Success seems to favour the tall, good-looking
By Jason Buckland, Sympatico / MSN Finance
Because it is largely immeasurable, it’s been tough to pin down once and for all that beauty is a prerequisite for success.
Sure, there’s been sentiment that society favours the good-looking, but rarely has a quantifiable analysis popped up to defend the notion beyond simple speculation and water-cooler talk.
While, granted, this Financial Post article isn’t exactly irrefutable, I’ve yet to find a better attempt to prove the merits of looks (and height) in the corporate world.
Author Ray B. Williams draws on some interesting sources to prove his thesis, arguing “there’s lots of evidence to show that people have gained success in their careers because they are taller and more attractive."
Of the more intriguing points, Williams references an Institute of Social and Economic Research study that points to a connection between popularity in high school and earning power later in life. Now, this isn’t to say that only the good-looking kids were cool from grades 9-12, but when you consider this U of Florida psychology report also suggests attractive people get more of almost everything* from birth, it throws a little extra weight behind the theory.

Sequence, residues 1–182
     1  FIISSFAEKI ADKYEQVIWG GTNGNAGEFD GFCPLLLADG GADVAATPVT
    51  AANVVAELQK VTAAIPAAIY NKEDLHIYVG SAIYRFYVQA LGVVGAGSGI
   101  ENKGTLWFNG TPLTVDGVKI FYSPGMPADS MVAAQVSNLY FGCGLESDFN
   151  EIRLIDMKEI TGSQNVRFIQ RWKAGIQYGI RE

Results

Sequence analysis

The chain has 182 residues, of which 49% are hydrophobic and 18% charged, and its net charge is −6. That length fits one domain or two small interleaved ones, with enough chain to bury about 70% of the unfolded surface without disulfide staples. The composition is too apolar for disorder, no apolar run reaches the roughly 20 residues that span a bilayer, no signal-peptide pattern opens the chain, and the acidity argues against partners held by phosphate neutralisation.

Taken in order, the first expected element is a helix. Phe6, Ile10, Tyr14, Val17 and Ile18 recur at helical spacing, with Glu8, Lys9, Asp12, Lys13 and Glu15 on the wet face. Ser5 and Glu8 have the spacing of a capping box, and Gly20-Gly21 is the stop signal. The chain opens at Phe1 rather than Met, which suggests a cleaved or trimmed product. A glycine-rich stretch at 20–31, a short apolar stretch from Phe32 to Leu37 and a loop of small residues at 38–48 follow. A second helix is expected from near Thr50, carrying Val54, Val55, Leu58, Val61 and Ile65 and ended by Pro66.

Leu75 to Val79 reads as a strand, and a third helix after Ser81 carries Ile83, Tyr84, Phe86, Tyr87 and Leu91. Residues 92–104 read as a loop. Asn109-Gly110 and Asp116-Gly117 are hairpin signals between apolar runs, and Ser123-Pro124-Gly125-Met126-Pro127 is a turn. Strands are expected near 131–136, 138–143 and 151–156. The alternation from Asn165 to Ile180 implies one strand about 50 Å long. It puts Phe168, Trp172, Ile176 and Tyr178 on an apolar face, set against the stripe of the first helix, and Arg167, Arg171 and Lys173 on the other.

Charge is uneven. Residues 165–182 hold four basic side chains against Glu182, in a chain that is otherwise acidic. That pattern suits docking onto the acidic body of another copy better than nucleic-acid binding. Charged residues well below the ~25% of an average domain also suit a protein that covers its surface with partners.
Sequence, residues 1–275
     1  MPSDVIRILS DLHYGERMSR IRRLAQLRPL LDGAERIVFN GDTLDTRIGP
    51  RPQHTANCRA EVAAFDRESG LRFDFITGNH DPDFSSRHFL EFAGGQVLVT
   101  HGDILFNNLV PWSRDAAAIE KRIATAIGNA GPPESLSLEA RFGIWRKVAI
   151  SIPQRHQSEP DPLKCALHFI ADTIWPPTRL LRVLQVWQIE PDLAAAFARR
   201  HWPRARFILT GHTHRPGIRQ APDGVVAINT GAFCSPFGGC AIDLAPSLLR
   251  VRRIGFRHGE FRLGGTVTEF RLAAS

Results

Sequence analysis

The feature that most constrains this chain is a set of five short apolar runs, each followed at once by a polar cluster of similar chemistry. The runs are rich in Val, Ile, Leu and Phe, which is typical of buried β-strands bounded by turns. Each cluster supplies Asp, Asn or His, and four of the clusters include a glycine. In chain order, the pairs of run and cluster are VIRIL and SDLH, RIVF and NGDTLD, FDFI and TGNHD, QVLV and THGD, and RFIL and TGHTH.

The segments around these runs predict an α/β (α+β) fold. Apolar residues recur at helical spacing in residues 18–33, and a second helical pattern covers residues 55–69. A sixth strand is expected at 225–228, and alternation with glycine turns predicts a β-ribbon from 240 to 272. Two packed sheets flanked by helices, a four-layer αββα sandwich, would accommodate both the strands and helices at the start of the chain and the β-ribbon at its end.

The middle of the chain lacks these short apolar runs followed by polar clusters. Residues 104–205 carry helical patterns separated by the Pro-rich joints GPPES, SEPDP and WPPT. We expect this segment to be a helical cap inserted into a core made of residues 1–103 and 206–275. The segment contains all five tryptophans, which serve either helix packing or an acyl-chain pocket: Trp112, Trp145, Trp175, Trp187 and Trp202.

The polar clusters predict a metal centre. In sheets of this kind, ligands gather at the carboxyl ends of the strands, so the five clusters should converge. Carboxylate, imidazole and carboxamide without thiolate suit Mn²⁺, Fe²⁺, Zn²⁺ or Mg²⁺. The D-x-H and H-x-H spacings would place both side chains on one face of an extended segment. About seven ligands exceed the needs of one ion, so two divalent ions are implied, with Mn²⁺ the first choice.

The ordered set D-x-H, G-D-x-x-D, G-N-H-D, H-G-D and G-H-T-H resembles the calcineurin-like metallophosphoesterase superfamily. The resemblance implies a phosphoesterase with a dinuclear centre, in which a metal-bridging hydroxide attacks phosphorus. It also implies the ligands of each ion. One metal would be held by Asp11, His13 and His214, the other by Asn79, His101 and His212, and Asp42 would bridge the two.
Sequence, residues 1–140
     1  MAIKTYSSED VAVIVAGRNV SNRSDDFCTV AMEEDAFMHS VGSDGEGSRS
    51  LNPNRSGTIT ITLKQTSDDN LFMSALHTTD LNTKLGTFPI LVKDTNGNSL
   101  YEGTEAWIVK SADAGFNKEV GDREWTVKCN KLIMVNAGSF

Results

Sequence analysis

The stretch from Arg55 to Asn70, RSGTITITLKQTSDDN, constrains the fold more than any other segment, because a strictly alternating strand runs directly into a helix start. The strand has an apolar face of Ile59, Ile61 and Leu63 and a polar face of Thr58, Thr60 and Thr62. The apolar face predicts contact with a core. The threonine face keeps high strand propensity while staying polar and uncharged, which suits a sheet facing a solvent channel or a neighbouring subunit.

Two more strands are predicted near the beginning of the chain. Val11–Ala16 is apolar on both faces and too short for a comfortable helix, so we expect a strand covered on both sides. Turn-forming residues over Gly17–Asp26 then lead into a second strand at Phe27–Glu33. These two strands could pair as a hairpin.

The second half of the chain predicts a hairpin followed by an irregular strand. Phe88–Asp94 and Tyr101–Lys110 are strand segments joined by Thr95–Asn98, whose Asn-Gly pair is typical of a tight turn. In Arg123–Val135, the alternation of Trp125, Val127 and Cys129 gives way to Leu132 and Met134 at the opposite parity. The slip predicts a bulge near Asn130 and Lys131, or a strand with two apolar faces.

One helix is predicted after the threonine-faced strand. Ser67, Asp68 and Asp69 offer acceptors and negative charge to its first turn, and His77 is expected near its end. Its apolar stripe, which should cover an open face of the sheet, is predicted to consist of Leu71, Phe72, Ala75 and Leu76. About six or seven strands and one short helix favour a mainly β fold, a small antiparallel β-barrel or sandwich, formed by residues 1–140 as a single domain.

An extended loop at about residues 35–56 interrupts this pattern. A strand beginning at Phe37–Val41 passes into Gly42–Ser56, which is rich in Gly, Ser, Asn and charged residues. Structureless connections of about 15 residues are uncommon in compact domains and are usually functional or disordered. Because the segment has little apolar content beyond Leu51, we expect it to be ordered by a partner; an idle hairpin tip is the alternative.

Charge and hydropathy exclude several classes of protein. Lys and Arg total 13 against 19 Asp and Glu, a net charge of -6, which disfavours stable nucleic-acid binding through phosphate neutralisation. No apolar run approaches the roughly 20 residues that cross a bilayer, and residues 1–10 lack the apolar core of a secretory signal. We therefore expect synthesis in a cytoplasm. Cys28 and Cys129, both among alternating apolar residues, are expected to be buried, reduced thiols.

(*In this case, everything is defined as medical attention in the hospital, attention from teachers/peers in school and anything that would lead to a “positive spiral toward better self image and higher attainment through life,” according to the Post.)
Williams also tackles the issue of height leading to success. Apparently, not only do studies show that an inch of height over the average can be worth an extra $1,000 of income each year, but the typical height of CEOs of major North American corporations is 6’2”. Not sure exactly where those stats come from, but if they seem as preposterous to you as they did to me, consider this:
Nowhere, writes Williams, is the correlation between height and career success more dominant than in politics, specifically inside the post of the most powerful man in the world. Of the 43 American presidents, only five have been below average height and we haven’t seen one of those since Benjamin Harrison in 1888.
What’s also interesting here is that, according to a University of Pennsylvania study, the psyche developed in high school has even more to do with your potential for earning power than ever thought before. Tall men who were short in high school often earn in a way typical of taller men, while short men who were considered tall in high school are said to display the earning characteristics of shorter men. (Confused yet?)
To add more beef to the height argument, the trend applies equally to female workers as it does men. The average height of prominent female CEOs is 5’9”, well over the standard for the rest of North American women.
If this all comes as a bit depressing to you, you’re not alone. Despite the lengths we seem to have made in regard to civil rights, equal opportunity and the like, it sure seems – at least – that we’re not as unbiased as we enjoy considering ourselves. Probably safe to suggest we should all take on some of the blame here, too.